• Summary
  • Contents
  • Subject index

This book describes an advanced generalist approach to direct social work practice with individuals, couples, families, and groups. Intervention paradigms that include psychodynamic, cognitive/behavioral/communications, experiential/humanistic, existential and transpersonal are presented as the four sources of social work.

Experiential/Humanistic/Existential Paradigm
Experiential/humanistic/existential paradigm
Key Elements

Focus. The focus is upon the fostering of growth toward self-actualization through self-awareness, self-acceptance, and self-expression in the here and now.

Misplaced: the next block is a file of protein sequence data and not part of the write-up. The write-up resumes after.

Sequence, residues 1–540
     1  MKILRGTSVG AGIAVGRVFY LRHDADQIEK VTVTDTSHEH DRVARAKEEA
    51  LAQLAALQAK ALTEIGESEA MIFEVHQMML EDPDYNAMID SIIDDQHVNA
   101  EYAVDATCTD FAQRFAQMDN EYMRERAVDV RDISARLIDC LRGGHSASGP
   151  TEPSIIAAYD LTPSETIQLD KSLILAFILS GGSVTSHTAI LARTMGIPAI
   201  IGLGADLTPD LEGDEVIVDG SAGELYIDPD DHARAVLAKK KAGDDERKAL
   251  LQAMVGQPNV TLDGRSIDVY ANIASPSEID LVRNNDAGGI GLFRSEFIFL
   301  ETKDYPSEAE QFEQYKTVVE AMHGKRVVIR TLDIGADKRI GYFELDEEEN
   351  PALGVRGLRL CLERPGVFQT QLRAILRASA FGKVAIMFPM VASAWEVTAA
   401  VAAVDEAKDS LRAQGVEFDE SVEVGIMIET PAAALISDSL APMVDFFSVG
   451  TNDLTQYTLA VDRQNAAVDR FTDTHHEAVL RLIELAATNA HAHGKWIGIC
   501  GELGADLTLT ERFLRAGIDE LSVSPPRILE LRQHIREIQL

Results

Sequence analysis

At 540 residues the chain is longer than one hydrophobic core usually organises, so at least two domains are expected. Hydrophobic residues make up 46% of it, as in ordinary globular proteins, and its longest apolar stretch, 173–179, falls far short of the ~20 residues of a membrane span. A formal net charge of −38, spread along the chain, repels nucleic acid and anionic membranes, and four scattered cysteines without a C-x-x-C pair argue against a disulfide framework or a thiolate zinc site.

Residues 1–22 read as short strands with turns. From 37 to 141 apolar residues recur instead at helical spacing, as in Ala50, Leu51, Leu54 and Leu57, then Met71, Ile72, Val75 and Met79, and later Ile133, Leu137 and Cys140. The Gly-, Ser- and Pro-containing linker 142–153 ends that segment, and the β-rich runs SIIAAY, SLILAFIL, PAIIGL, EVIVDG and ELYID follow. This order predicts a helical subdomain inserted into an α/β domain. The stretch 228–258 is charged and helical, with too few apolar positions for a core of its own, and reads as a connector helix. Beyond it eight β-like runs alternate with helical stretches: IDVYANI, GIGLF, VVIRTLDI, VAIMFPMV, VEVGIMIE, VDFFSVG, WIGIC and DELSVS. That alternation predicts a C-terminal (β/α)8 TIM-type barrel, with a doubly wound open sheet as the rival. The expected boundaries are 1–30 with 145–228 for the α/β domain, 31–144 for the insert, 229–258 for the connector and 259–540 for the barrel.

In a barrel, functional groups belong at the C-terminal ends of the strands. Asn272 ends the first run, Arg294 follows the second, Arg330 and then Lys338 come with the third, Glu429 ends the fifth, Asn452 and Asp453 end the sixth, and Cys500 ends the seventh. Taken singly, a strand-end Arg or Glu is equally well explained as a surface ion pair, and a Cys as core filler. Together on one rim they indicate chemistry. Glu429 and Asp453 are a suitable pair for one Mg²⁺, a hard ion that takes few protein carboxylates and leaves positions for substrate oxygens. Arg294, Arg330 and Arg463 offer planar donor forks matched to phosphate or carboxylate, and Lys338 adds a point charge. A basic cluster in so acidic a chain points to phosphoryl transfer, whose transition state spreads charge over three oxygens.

Developmental dimensions. Affective development is emphasized, particularly the awareness, acceptance, and expression of feelings.

View of health. Healing is wholing; healing is having integrity (wholeness). The healthy individual is self-actualizing, or becoming herself. The client feels good about herself, is responsible for herself, and able to express who she is openly and honestly. The client can find meaning in her life.

View of pathology. The client is not actualizing, does not feel good about herself, suppresses and does not trust her personal experience, and cannot find meaning in her life.

Art and science. There is considerable evidence that such relational worker variables as genuineness, ...

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